Letter to the editor



In the wake of yesterday’s article on child tax credit legislation we are pleased to publish the following reader’s letter. As is the case with yesterday’s article we do not necessarily agree with its contents.

Sirs,

I was shocked but not surprised to see the anonymous article published in today’s edition on the ‘so-called rape clause’. Please could you advise why you felt it was appropriate to provide a forum for an article which has as its fundamental premise ‘women will lie about rape to gain an additional £13.70 per week.’? The author of the article is entitled to his view (I am making the assumption that it was a male writer) but I can see no reason why Scottish Legal News chose to publish it, what’s next an article about why individuals from certain ethnicities are more likely to commit crimes?

Leaving aside the abhorrent misogynist premise of the ‘article’ it is otherwise a political rant about the need for benefit cuts and attacking politicians (in particular Nicola Sturgeon) who spoke out against the policy along with numerous third sector organisations. I fail to see the relevance of presenting these political arguments in a legal newsletter.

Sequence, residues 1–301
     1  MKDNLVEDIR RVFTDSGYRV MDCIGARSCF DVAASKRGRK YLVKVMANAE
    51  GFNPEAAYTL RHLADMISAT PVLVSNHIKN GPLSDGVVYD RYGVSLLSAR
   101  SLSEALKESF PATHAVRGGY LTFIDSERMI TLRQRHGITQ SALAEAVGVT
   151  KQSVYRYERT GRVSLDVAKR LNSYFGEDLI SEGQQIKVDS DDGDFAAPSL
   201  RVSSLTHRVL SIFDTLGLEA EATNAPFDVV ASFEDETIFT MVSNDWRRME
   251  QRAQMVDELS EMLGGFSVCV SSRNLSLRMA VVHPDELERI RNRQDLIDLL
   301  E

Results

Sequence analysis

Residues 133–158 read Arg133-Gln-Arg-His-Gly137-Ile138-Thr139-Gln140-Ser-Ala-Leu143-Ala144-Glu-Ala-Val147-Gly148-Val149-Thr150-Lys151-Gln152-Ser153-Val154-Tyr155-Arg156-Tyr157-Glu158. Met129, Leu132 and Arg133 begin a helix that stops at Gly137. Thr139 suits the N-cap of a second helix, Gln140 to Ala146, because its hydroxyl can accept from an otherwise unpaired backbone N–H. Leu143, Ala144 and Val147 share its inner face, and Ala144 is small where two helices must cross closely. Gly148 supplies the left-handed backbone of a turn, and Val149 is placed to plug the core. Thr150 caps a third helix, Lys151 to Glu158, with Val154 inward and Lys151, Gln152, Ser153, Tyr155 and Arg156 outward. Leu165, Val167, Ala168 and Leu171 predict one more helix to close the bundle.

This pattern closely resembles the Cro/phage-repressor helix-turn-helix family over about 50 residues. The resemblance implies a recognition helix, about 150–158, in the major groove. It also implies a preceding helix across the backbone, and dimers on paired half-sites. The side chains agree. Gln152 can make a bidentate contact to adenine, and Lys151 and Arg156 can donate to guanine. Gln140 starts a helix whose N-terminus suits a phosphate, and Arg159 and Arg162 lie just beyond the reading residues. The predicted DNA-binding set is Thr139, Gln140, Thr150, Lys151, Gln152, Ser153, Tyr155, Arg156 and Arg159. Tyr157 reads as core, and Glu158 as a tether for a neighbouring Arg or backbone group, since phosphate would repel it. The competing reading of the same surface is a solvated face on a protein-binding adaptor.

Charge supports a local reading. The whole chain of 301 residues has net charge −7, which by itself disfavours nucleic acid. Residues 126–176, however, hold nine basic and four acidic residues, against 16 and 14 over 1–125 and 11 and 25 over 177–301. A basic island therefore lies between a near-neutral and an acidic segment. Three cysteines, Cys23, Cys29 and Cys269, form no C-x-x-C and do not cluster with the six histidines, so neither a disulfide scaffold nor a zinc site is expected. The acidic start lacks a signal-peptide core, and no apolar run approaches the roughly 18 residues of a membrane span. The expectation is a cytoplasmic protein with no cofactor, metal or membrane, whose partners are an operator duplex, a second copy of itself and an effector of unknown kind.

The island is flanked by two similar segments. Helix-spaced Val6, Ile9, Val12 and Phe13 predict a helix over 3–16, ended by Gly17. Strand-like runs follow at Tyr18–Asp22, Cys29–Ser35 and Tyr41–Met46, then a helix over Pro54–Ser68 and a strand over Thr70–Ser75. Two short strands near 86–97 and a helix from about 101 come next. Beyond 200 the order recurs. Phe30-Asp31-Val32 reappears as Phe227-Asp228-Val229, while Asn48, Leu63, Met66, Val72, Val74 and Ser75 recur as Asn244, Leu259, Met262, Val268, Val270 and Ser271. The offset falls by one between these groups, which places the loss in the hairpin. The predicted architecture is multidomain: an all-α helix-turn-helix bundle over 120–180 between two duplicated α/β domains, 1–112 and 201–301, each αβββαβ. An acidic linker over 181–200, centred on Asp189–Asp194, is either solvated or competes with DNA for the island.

This newsletter frequently gives a platform to writers who demonstrate anti-women sentiments, in particular I recall the article a few years ago that trivialised domestic abuse along the lines of ‘it’s only a domestic’. I recall an article from another ‘anonymous solicitor in private practice’ on false allegations of domestic abuse, irresponsibly promoting and propagating the myth that women commonly lie about these type of offences.

There was the opinion piece yesterday (authored at least) about the David Goodwillie case, taking aim at the ‘growing victim industry’ and pouring scorn on the concept of not ’doubly traumatising’ people.I also note the regular platform given to Families need Fathers Scotland to present their male-centric view of family court actions without reply.

Taken together these articles give an uncomfortable impression of the editorial views of this newsletter – I hope this impression is mistaken.

Unlike your many of your contributors I’m happy to put my name to what I write.

Euan McDougall

Solicitor in private practice



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